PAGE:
Community Living Dufferin for over 60 years has been providing support to adults in Dufferin County who have developmental disabilities and when COVID-19 hit, rather than accepting a hiatus from all programs, Community Living Dufferin staff shows creativity.
“It could have been very easy for us to say ‘sorry, the building is closed and the programs are over, we’re just going to get by,’ but our staff didn’t,” Karen Murphy-Fitz explained, executive assistant. . “We changed our programs from those we operated in the main building to programs we offered in each of our homes.”
One of the ways they transformed, Murphy-Fitz added, was by distributing craft boxes in their homes, which contained games, science projects and art supplies.
“Residents had something different to fill their days,” Murphy-Fitz said.
Operating 14 homes that provide housing for more than 60 adults supported by the nonprofit, Community Living Dufferin was challenged early on by isolation as family visits were cut short.
Community Living Dufferin applied for and became the recipient of a number of grants allowing them to purchase smart TVs, iPads and Google Home units so they can continue to connect with families.
“It was huge for helping the people we support stay connected with their families, giving them the opportunity to see each other face to face,” Murphy-Fitz said.
Although Community Living Dufferin has learned, like many organizations, to balance the setbacks caused by the pandemic, it is the emotional impacts that continue to be felt.
While speaking with the Citizen, Murphy-Fitz held back tears as she spoke about their adaptation as hallways and rooms remain empty.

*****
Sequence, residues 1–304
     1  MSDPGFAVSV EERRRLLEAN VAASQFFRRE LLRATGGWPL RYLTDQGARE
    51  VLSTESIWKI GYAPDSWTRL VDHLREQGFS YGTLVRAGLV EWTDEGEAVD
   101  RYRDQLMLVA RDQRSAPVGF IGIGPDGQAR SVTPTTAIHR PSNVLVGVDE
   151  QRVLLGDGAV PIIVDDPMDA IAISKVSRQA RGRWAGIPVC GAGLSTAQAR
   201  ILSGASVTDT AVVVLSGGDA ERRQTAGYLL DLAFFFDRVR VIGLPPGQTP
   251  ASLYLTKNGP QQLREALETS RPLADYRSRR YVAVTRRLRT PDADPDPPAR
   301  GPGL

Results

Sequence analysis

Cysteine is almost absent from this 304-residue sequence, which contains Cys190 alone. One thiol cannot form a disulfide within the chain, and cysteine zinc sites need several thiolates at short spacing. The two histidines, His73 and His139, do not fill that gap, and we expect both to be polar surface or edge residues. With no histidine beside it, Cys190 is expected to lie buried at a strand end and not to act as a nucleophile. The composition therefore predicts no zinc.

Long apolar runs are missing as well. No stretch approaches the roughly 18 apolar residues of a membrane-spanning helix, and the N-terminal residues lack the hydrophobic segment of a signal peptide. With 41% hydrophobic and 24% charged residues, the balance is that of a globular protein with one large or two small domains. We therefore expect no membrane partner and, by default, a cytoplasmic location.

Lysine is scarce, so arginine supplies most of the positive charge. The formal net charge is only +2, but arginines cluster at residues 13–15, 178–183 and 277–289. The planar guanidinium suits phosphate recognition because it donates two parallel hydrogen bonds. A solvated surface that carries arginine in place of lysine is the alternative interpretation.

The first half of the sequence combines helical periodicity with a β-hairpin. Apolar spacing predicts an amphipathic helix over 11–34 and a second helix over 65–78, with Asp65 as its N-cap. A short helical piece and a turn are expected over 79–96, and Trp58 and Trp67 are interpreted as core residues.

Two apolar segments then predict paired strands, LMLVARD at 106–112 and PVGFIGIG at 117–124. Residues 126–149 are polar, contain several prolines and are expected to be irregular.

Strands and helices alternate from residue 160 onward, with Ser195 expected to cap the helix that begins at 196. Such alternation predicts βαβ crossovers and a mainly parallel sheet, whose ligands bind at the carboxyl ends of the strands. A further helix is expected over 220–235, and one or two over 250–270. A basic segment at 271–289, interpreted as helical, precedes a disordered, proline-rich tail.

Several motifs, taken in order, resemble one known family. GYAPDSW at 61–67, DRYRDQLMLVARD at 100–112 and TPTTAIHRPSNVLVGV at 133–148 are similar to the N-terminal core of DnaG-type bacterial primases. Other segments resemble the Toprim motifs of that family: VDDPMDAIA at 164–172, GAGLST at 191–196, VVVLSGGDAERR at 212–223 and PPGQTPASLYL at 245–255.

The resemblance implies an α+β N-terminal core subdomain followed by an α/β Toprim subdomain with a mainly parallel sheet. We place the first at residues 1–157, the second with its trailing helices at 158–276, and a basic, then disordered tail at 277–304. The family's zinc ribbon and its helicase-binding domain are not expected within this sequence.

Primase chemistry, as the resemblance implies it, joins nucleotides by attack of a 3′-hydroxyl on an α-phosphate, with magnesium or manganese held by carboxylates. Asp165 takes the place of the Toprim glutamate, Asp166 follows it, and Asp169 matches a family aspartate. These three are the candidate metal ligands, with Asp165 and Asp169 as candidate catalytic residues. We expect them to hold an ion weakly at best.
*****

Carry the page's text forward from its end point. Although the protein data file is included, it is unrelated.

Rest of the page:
“It’s been hard not seeing people, and it’s going to be nice to have everyone together again.”
As the saying goes, the show must go on.
As a relatively young organization that began with seasonal programming, Streams Community Hub faced the challenge of bringing the arts, a naturally collaborative and in-person discipline, into the virtual space.
“We really spent several months, like anyone working in a space that deals with a lot of in-person programming, trying to figure out what to do,” explained Juli-Anne James, co-founder of Streams Hub. “It’s hard to put on a play without a stage.”
Although not fully equipped with the technology and staff to deliver virtual programs, Juli-Anne and Andrew James have found a way to bring the arts into children’s homes – through a stand-up competition.
The Word of Mouth Monologue competition launched in March 2021 and saw local young people aged 8-17 submit online performances of various monologues and compete in a live final.
“The monologue competition was a really great opportunity that we did after it turned out to be really awesome,” Andrew said. “It made us realize it’s a good outlet and now we need to keep doing it even when things get back to ‘normal’. We recognized the importance of helping young people have another way to express themselves .
Although restricted for a year to offering arts programs to young people, the James duo note that internal work was underway to deepen their roots in the community.
“We were able to see some of the needs in our community and see how we could better meet those needs,” Andrew said.
Streams Community Hub is preparing to open its first permanent location, tentatively scheduled for early March.
“We know the importance of connection, of being together in a space and that we can never escape that need or that want,” Andrew said. “Our show must go on, to move forward creating a bigger space not only for young people, but for the artist who also needs a place to express themselves in their art, while earning a living and teaching the next generation.”
Organizations that have worked to develop local activities in recognition of Nonprofit Appreciation Week include the Dufferin Community Foundation, United Way Guelph Wellington Dufferin, Headwaters Communities in Action, DC MOVES, the Chamber of commerce of Dufferin and Dufferin County.